Jennifer Ludden

President Trump used the pomp and circumstance of the East Room, complete with an entrance to "Hail to the Chief" and a bevy of supportive Cabinet members, to tout "America's Environmental Leadership" on Monday. There was no new policy announcement. In fact, the event felt mostly like a campaign rally. But it may amount to recognition that the environment and climate change are a growing concern for U.S. voters and an issue on which Democrats hold an edge.

In another proposed reversal of an Obama-era standard, the Environmental Protection Agency Friday said limiting mercury and other toxic emissions from coal- and oil-fired power plants is not cost-effective and should not be considered "appropriate and necessary."

The EPA says it is keeping the 2012 restrictions in place for now, in large part because utilities have already spent billions to comply with them. But environmental groups worry the move is a step toward repealing the limits and could make it harder to impose other regulations in the future.

The Trump administration released a major climate assessment on Black Friday, the culmination of years of research by the country's top climate scientists. It's well over 1,000 pages and touches on a daunting range of topics.

The Trump administration is rolling back another Obama-era energy regulation, this time one that aimed to curb methane leaks from oil and gas operations on tribal and public lands.

Bob Fitzgerald lives on the edge of a flat field that's just a few feet above sea level. It's the same spot on Maryland's Eastern Shore where his ancestors settled before the U.S. became a country.

"The land grant came into the family in 1666," he says.

When he was a child his parents grew tomatoes, cucumbers and string beans. Now nearing 80, Fitzgerald plants corn and soybeans to supply local chicken farms.

Updated at 2:54 p.m. ET

EPA Administrator Scott Pruitt faced withering criticism from congressional Democrats on Thursday, with one lawmaker calling him "unfit to hold public office." But Republican members of Congress — especially those representing states with large fossil fuel industries — rallied to Pruitt's defense.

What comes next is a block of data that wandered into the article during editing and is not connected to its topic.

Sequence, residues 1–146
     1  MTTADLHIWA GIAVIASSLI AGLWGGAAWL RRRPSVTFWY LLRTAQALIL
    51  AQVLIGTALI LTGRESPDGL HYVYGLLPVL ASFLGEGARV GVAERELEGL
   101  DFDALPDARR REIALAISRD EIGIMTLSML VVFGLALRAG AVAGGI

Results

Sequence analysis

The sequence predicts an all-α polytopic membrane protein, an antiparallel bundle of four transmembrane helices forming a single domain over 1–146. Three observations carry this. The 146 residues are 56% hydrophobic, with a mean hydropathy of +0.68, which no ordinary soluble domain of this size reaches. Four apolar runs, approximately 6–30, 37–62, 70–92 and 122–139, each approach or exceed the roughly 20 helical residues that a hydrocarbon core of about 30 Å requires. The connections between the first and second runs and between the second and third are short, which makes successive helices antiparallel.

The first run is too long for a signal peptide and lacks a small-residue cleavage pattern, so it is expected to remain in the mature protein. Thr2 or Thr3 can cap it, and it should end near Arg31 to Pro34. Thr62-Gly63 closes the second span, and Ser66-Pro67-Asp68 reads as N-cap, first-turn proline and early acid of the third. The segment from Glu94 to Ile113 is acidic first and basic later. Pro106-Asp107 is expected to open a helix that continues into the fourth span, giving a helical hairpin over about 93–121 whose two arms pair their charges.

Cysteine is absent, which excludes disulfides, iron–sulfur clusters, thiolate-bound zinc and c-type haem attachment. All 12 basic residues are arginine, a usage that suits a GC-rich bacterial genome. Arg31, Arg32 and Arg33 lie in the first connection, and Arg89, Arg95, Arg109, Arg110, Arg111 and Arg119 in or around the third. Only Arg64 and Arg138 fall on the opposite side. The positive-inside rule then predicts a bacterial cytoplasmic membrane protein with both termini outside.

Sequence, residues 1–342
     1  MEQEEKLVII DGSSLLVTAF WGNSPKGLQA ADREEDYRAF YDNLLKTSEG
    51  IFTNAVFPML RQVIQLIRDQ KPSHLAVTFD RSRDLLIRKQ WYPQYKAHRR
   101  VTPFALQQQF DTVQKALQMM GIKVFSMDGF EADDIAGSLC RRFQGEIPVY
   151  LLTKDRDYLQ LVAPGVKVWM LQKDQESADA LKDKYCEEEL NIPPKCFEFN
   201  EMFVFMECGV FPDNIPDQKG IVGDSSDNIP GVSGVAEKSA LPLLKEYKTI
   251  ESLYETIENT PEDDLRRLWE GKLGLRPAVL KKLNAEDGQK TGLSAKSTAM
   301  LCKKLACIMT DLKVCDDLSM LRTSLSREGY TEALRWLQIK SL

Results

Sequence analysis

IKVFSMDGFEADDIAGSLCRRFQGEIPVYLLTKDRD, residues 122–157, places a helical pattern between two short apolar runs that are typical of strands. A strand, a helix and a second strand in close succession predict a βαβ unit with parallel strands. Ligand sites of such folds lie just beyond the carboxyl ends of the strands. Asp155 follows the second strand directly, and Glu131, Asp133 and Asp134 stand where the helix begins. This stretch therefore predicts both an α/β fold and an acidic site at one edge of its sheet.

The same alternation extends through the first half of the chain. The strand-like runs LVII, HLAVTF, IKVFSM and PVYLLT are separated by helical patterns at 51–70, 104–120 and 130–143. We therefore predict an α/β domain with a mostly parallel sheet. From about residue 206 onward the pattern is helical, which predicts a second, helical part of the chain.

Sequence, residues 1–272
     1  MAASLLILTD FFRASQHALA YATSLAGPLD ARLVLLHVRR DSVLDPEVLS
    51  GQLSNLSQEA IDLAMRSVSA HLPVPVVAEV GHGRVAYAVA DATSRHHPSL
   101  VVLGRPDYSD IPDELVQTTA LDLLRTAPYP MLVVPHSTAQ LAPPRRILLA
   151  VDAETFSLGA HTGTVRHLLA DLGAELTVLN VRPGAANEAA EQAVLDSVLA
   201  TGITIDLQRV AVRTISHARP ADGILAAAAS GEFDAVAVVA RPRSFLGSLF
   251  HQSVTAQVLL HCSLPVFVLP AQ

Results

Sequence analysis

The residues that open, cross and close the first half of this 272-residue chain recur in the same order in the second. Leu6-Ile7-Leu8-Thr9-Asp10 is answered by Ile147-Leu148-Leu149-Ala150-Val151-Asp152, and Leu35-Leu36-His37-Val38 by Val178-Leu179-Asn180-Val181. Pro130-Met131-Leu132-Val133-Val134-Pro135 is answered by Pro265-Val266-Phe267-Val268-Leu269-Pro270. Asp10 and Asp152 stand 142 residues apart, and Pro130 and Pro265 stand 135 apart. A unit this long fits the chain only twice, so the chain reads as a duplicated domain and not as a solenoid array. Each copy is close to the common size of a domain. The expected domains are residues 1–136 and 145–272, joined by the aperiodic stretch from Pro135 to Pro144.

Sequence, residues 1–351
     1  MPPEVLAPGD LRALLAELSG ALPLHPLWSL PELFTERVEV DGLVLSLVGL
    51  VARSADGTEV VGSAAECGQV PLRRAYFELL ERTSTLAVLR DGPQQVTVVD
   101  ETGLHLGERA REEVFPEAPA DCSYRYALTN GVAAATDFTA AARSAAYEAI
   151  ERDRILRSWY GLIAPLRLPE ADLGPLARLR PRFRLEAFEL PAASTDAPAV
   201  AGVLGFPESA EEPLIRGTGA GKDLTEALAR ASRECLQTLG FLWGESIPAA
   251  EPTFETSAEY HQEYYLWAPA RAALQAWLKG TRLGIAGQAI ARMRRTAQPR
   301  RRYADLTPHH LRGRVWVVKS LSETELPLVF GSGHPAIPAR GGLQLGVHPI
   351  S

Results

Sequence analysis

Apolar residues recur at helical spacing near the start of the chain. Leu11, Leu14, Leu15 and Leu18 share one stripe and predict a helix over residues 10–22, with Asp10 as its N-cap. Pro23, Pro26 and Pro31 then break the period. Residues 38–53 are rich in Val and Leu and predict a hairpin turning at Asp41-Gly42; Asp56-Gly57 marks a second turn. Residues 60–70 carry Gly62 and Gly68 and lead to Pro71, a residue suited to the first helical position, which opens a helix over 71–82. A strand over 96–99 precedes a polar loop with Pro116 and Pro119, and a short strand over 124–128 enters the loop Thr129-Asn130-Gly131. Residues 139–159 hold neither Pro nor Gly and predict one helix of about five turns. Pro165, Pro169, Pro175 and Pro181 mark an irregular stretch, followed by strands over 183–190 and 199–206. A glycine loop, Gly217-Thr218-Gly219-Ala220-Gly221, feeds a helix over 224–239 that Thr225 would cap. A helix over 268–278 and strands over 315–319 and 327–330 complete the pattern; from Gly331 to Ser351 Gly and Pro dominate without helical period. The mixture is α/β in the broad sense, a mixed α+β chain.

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EPA Administrator Scott Pruitt testifies on Capitol Hill tomorrow, and it could be a make-or-break appearance. It'll be his first time in front of lawmakers since a string of allegations of ethical misconduct.

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As allegations mount of EPA Administrator Scott Pruitt violating ethics policies and misusing taxpayer money, President Trump has repeatedly defended him. "Scott is doing a great job!" he said in one tweet.

Pruitt is one of the administration's most high profile members, and is often lauded as one of its most effective.

"Administrator Pruitt has fearlessly executed President Trump's regulatory reform agenda, there's no doubt about that," says Thomas Pyle, president of the American Energy Alliance.

Amy Hagstrom Miller of Whole Women's Health had been having a banner year. Her organization, based in Charlottesville, Va., operates several abortion clinics around the country and brought a legal challenge that led the Supreme Court to issue a landmark ruling this past summer.

In Greensboro, N.C., Eyeisha Holt spends her days as a full-time child care worker at Head Start. But after a decade's work in early education she still earns only $11.50 an hour — barely enough, she says, to cover the basics as a single mom of two. So every weekday evening she heads to her second job, as a babysitter.

"Are you ready to go to bed?" she asks, as she oversees bath time for her 3-year-old daughter and another of her charges. For 25 hours a week, Holt cares for toddler twins, in addition to her daughter and teenage son.

In the two-story breakfast room on the 25th floor of Hilton's Conrad Miami, Florance Eloi mans the omelet stand in front of a panoramic view of the sunrise over the Atlantic Ocean. The bubbly Miami native says, laughing, that guests routinely tell her, "Stop making the omelets, you need to turn around and look!"

When Eloi, 31, found out she was pregnant late last year, she wondered how she would balance her job with a baby. She was lucky to have a few weeks of paid vacation, since about half of lower-wage workers do not.

A powerful drug that's normally used to tranquilize elephants is being blamed for a record spike in drug overdoses in the Midwest. Officials in Ohio have declared a public health emergency, and the U.S. Drug Enforcement Administration says communities everywhere should be on alert for carfentanil.

The synthetic opioid is 100 times more potent than fentanyl, the prescription painkiller that led to the death earlier this year of the pop star Prince. Fentanyl itself can be up to 50 times more deadly than heroin.

Orientation at Arkansas Tech University this year included a surprising topic for a Bible Belt state that pushes abstinence-only in high school. Every freshman was shown a newly produced video in which real students talk about the struggle of an unplanned pregnancy, and the challenge of staying in school as a parent.

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